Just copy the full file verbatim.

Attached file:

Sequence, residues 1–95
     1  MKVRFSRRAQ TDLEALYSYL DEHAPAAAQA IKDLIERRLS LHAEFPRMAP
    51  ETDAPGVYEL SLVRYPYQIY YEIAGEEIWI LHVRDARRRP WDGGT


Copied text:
Sequence, residues 1–95
     1  MKVRFSRRAQ TDLEALYSYL DEHAPAAAQA IKDLIERRLS LHAEFPRMAP
    51  ETDAPGVYEL SLVRYPYQIY YEIAGEEIWI LHVRDARRRP WDGGT